Decided February 4, 1902.
The jurisdiction of the court to advise in the administration of a trust is not ordinarily exercised unless the advice is necessary for the protection of the trustees. Under a will providing that the income of the residue shall be expended for charitable and educational purposes, the executors are not authorized to take into their possession as trustees the estate incumbered with claims and apply the income thereof in liquidation of debts.
PETITION, for the construction of a will, and for advice and direction as to the disposition of a trust fund. Transferred from the October term, 1901, of the superior court by Stone, J.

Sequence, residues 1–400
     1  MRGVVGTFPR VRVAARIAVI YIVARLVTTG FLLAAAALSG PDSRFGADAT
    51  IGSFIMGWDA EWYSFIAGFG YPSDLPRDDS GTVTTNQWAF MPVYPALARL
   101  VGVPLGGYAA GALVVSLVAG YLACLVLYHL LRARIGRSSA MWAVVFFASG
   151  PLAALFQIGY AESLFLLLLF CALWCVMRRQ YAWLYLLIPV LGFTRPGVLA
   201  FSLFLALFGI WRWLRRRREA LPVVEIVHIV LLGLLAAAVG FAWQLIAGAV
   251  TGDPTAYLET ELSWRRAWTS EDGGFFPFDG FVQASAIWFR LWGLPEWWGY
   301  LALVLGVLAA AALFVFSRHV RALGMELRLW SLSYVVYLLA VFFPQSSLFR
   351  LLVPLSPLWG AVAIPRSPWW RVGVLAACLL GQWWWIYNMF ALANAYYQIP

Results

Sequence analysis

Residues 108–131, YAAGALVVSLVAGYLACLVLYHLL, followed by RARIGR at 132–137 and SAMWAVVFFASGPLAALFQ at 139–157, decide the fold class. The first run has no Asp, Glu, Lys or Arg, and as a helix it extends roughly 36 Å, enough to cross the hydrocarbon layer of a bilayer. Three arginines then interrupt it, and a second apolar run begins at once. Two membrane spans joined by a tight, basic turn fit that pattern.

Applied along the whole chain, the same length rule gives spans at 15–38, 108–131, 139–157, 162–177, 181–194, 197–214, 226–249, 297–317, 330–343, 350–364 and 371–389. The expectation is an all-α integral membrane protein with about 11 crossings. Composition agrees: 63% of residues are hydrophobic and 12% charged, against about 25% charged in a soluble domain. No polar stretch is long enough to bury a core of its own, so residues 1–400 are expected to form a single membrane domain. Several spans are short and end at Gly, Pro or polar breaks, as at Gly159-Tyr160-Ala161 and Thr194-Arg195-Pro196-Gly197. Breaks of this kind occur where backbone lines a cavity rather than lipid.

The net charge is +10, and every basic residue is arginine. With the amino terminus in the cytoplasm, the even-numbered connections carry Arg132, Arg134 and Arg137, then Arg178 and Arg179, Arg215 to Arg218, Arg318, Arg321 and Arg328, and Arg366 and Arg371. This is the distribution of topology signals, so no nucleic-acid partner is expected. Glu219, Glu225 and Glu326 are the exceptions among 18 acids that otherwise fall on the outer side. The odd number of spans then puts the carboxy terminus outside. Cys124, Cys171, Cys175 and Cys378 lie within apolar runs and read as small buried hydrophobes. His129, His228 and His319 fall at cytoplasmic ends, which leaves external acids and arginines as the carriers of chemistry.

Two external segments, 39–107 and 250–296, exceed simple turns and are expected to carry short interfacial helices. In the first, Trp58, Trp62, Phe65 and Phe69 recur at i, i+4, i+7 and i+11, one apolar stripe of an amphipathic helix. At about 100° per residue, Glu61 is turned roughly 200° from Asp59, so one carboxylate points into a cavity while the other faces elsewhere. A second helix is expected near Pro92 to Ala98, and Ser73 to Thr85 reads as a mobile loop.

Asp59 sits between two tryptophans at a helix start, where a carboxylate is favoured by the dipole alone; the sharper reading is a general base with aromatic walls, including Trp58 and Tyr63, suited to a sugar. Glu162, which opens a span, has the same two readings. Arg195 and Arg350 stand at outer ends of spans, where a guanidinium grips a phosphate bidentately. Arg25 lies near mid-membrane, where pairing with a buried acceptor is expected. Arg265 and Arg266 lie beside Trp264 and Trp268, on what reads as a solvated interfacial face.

The plaintiffs are the executors named in the will of John H. Pearson, under which they are also residuary legatees in trust. After provisions for the payment of debts and funeral charges by the executors and for sundry pecuniary legacies, the will provides in the seventh item as follows: "I give, bequeath, and devise all the rest, residue, and remainder of my estate of every description to the trustees hereinafter named [the plaintiffs] and their successors in trust forever."
The material provisions of the trust are: "(4) to pay to St. Paul's Parish, in said Concord, the sum of four hundred dollars annually, in semi-annual payments of two hundred dollars each, at such stated times as my said trustees may determine.
"(7) To pay to the trustees of the academy at Andover, in said county, now known as Proctor Academy, the sum of two hundred dollars annually, so long as said academy shall continue in said Andover.